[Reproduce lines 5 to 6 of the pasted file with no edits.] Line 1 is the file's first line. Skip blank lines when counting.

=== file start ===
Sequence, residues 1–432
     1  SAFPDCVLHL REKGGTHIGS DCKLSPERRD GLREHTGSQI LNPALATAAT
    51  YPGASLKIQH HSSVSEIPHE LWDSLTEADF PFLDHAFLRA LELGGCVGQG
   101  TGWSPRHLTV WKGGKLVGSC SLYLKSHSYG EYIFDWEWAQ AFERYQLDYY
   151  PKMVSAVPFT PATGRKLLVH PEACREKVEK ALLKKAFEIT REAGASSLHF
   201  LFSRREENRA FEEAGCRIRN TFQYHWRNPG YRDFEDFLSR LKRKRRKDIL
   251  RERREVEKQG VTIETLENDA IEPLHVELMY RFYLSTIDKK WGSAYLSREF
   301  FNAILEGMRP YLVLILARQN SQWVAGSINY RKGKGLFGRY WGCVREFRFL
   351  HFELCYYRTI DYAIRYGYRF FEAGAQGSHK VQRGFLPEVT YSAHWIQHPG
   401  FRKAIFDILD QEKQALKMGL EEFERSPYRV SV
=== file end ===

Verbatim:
   151  PKMVSAVPFT PATGRKLLVH PEACREKVEK ALLKKAFEIT REAGASSLHF
   201  LFSRREENRA FEEAGCRIRN TFQYHWRNPG YRDFEDFLSR LKRKRRKDIL